Student Loans in Bankruptcy

Student loans generally are not dischargeable in bankruptcy, but bankruptcy may still be the right choice for a student loan borrower struggling to keep up with payments. Unless a debtor can prove “undue hardship,” a student loan – federal or private – will not be discharged. Prior to the bankruptcy law change in 2005, private student loans were treated differently than federal student loans; however, they are now treated the same under bankruptcy law. If you are considering bankruptcy and have student loan debt, an experienced Morris County bankruptcy attorney can explain how filing for Chapter 7 or Chapter 13 bankruptcy may benefit you.

The Hardship Discharge

After you file bankruptcy, you can initiate what is called an adversary proceeding to seek a hardship discharge of your student loans. An adversary case is filed in the same bankruptcy court where you filed your bankruptcy case. If you can demonstrate to the court that paying your student loans poses “an undue hardship on you and your dependents,” then the court may decide to discharge your student loan debt, meaning you are no longer liable for paying it. Some examples of hardship discharges that have been granted include:

  • Cases where the borrower did not benefit from the education
  • Cases where the borrower went to a fraudulent school
  • Cases in which ongoing physical or mental impairment interferes with the borrower’s ability to work

A hardship discharge can be sought in a Chapter 7 or Chapter 13 case; however, the granting of hardship discharges varies by court to court and from case to case, and a hardship discharge can be very difficult to obtain. A qualified Morris County bankruptcy lawyer can determine whether you may be eligible for a hardship discharge and help you file the necessary paperwork to seek such a discharge of your student loan debt.

Chapter 13 Bankruptcy

Sometimes Chapter 13 bankruptcy helps borrowers get a handle on their student loan payments. In this chapter of bankruptcy, the debtor enters into a three to five year repayment plan in which secured and priority debts are paid in full and a certain percentage is paid to unsecured creditors, including student loans. When the Chapter 13 plan is complete, you will still be liable for whatever balance remains on your student loans, unless you obtain a hardship discharge. However, your secured and priority debt (car loans, taxes, mortgage arrears, etc.) will have been paid in full through the plan, and if you obtained a Chapter 13 discharge, you will no longer be liable for any unsecured debt that was discharged (credit cards, personal loans, certain income taxes, etc.). This should make it easier for you to manage your student loan payments after exiting bankruptcy.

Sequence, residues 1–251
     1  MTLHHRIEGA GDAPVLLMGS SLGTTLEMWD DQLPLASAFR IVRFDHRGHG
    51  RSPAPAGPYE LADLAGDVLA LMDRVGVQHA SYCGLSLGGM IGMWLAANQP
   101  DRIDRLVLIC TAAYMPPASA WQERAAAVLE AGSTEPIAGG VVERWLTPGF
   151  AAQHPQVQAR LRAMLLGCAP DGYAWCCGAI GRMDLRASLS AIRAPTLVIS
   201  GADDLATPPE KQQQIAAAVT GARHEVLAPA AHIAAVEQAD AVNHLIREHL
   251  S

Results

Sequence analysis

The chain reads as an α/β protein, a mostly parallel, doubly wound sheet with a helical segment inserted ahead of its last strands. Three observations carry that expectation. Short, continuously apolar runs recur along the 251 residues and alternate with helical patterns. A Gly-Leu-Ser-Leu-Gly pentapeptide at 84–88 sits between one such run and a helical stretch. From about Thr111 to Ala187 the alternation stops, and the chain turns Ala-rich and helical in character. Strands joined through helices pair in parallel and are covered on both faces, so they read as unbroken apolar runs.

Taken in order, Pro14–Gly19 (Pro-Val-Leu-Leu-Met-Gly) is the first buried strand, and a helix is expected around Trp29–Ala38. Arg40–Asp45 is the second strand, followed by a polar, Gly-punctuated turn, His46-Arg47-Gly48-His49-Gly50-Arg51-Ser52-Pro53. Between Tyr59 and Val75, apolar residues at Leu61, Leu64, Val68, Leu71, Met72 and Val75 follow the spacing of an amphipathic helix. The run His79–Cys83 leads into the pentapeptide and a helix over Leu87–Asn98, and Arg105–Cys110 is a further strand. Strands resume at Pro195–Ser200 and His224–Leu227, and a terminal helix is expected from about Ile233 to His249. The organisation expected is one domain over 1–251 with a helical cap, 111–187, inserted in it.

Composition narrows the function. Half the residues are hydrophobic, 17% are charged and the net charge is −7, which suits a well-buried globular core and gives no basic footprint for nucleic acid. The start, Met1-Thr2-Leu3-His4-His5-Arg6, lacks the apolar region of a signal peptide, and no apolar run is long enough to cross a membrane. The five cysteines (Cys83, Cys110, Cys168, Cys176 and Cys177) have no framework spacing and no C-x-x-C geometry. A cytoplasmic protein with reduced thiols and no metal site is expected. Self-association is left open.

Moreover, while the Chapter 13 case is pending, student loan lenders cannot continue collection actions against you, such as wage garnishment, and in most cases, you will not make student loan payments directly to the lender, instead making one affordable Chapter 13 plan payment to the bankruptcy trustee.

How the Automatic Stay Can Help

Whether you file Chapter 7 or Chapter 13 bankruptcy, in most cases, a stay automatically goes into effect that prevents creditors from taking certain collection actions. If your wages are being garnished because you defaulted on a student loan, the bankruptcy stay will halt the garnishment while the bankruptcy case is pending. The stay, therefore, may provide you temporary relief from the collection efforts of student loan lenders while you reorganize your debts under Chapter 13 or discharge your unsecured debt under Chapter 7.

If you are struggling financially, a knowledgeable Morris County bankruptcy attorney can provide you with important bankruptcy information, including how your student loans will (or will not) be affected by bankruptcy. Contact an experienced attorney today to learn how you can get the financial relief you deserve.

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